There are many forms of endoscopic examination in dogs and cats. The type of endoscopy that is performed depends on the area of the body being evaluated. Types of endoscopic examinations offered by WTVS include: upper gastrointestinal endoscopy, lower gastrointestinal endoscopy (colonoscopy), rhinoscopy, cystoscopy, and bronchoscopy. Endoscopy requires general anesthesia. If you are anticipating an endoscopic examination for your pet, they should be fasted from food after 9-10pm on the day prior to your appointment. Water may be given safely. In some cases, your pet may be discharged from the hospital on the same day of admission. In other cases, your veterinarian may recommend that your pet stay overnight. In still other cases, an endoscopic examination may be delayed for a few days so that additional diagnostic testing may be performed. 

Terms associated with endoscopy and further specialty procedures that WTVS offers: 

  • Endoscopy-evaluation of the upper gastrointestinal tract 
  • Colonoscopy-evaluation of the lower gastrointestinal tract 
  • Cystoscopy-evaluation of the lower urinary tract 
  • Rhinoscopy-evaluation of the mouth and nasal passages 
  • Bronchoscopy-evaluation of the airways

Comprehensive Oncology Teleconsultation

This service is performed by a board-certified veterinary oncologist, who will provide a detailed written summary on the specific patient including staging recommendations (if needed), treatment options (aggressive and conservative), and prognosis as it relates to each treatment option.

Echocardiogram

Cardiac ultrasonography is the gold standard of diagnostics in veterinary cardiology. At WTVS we are able to examine the heart with ultrasound to look for valvular disease (such as mitral valve disease in small dogs), dilated cardiomyopathy (generally large dogs), hypertrophic cardiomyopathy (cats), and cardiac/pericardial masses as well as other acquired cardiac conditions. Sedation is only rarely needed to perform echocardiography; in fact, it is usually preferable not to sedate patients so as not to interfere with cardiac rate, rhythm, and contractility. NOTE: In some cases, particularly those with unusual heart disease, the patient may need to be referred to a veterinary cardiologist for more specialized evaluation.

Ultrasound-guided fine needle aspiration

We can take aspirates of intra-abdominal and intra-thoracic structures for cytologic evaluation. Provided there is no bleeding tendency, the risk of hemorrhage is generally low, and the risks of inadvertent large vessel or organ laceration are minimal when ultrasound guidance is utilized.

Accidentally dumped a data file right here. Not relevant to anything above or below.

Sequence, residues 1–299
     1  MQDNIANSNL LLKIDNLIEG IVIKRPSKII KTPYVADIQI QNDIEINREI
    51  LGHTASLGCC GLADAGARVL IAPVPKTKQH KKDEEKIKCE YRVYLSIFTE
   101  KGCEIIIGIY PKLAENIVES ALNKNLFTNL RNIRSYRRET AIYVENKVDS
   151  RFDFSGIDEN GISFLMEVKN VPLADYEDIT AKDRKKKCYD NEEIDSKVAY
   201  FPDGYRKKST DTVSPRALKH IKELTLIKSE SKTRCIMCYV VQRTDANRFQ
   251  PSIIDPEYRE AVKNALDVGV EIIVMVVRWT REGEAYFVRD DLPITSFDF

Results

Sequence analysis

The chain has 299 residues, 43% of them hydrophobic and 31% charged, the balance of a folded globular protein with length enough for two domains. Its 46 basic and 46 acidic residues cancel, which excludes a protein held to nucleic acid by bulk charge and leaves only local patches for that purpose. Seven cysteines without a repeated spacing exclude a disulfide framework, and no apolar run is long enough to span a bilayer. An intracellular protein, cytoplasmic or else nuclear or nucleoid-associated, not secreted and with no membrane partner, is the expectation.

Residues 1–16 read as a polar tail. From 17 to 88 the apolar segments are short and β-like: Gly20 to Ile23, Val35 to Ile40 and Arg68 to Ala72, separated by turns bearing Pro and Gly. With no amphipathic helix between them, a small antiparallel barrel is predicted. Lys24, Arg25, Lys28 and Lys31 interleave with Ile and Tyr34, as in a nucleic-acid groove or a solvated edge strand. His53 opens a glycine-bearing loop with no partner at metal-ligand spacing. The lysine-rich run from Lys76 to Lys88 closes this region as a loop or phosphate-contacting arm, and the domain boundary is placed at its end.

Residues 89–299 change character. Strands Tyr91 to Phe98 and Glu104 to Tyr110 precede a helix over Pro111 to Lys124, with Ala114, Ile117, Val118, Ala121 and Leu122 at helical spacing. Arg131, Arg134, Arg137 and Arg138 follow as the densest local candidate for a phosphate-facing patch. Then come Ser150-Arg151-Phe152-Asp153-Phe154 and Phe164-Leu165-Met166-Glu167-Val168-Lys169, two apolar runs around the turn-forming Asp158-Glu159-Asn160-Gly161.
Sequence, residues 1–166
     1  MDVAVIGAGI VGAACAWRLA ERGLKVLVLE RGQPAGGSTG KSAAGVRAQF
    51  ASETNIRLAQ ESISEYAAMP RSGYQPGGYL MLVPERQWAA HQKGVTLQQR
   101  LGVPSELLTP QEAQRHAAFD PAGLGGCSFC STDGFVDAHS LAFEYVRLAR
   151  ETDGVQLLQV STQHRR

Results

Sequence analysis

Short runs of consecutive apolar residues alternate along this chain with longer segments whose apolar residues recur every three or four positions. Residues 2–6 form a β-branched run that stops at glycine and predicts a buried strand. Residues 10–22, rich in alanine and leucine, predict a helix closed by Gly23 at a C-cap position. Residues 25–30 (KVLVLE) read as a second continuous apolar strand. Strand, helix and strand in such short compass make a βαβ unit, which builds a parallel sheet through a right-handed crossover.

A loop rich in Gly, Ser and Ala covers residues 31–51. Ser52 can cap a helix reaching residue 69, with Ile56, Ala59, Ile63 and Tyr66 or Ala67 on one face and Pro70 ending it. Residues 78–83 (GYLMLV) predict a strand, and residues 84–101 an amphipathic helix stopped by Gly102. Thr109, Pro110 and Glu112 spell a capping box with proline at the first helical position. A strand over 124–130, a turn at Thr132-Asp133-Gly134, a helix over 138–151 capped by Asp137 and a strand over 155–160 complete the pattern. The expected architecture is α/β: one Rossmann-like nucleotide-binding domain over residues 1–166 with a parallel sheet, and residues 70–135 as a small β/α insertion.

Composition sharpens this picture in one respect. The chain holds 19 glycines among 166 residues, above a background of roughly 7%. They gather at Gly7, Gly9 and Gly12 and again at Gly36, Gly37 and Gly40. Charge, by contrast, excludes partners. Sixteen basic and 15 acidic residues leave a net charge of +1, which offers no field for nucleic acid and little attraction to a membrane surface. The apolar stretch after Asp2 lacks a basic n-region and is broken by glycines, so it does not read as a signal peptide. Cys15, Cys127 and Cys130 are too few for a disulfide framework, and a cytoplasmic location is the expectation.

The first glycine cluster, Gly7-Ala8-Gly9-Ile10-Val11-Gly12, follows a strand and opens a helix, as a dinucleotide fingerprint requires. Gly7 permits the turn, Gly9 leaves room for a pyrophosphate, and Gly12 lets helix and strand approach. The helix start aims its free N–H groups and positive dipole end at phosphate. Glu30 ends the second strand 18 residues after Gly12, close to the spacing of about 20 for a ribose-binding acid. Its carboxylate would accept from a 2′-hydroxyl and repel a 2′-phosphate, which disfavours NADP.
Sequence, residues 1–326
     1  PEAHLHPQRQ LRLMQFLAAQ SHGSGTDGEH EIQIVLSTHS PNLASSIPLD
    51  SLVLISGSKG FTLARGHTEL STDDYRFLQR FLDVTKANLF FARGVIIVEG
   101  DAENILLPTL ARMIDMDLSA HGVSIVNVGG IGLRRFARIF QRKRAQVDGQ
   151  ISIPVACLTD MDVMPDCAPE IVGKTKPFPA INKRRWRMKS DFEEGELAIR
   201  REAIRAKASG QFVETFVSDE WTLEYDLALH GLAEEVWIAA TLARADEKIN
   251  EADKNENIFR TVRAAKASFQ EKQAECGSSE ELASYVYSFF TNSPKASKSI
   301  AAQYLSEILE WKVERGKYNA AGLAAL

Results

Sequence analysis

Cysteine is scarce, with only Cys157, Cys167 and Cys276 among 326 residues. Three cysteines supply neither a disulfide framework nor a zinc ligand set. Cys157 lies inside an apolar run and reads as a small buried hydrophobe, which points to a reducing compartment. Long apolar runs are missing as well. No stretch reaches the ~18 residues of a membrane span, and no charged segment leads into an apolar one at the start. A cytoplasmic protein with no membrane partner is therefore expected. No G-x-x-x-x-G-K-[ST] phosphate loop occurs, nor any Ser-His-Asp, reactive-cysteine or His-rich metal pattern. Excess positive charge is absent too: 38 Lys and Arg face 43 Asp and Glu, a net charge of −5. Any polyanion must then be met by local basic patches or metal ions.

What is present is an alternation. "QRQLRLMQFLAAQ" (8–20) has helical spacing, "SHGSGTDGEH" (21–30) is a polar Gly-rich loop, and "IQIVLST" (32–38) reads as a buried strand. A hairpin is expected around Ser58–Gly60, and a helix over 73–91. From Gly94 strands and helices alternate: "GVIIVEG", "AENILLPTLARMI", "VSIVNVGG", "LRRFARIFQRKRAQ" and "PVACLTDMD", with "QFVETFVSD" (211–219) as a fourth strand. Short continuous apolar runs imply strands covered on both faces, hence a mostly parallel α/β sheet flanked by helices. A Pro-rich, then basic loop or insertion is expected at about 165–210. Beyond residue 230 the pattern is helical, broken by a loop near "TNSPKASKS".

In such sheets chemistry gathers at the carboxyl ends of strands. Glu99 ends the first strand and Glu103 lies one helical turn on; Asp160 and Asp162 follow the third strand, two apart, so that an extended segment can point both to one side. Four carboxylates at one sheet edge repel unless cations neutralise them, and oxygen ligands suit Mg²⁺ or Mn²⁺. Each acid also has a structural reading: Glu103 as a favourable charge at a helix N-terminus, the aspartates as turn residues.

Sedation is usually utilized with thoracic FNA and occasionally utilized for abdominal FNA.

Bone marrow aspiration/biopsy

We can take bone marrow samples in cases where further assessment of bone marrow evaluation is warranted including (but not limited to) pancytopenia, bicytopenia, or severe non-regenerative anemia. The risk of hemorrhage is minimal. Generally will pursue samples at the proximal humerus but, if needed, can use the pelvic approach. 

Local anesthetic and heavy sedation is utilized for this procedure.

Pericardiocentesis

There is a sac around the heart, called the pericardium, which is normally empty (except for the heart, of course). In certain diseases, fluid can build in the pericardium, which prevents the heart from properly pumping blood to the lungs and body. In these cases, our specialists can use ultrasound to carefully draw off fluid with a needle. In some cases, this is a life-saving procedure.

Arthrocentesis

Needle samples can be taken of joints with minimal risk of hemorrhage. 

Heavy sedation is utilized for this procedure.

Esophagostomy tube placement

E-tubes are great for especially cats but also small to medium-sized dogs who would benefit from nutritional supplementation due to prolonged anorexia. 

Requires general anesthesia.

Cerebrospinal fluid (CSF) aspiration

In select cases, we can perform a CSF tap to allow further analysis (microscopic fluid analysis, infectious disease testing, etc.) of neurologic diseases. This procedure carries a risk of brain herniation and is most aptly performed based on the results of a brain MRI or CT scan; however, if transport to a neurologist is not feasible, in certain cases it may be warranted, provided the risks have been thoroughly discussed with the patient’s owner. Requires general anesthesia.

Balloon dilation of benign esophageal stricture

This procedure is performed using endoscopy and involves dilation of the stricture using incrementally larger balloons that are run alongside the endoscope. Some cases respond to a single procedure whereas others require multiple dilation events.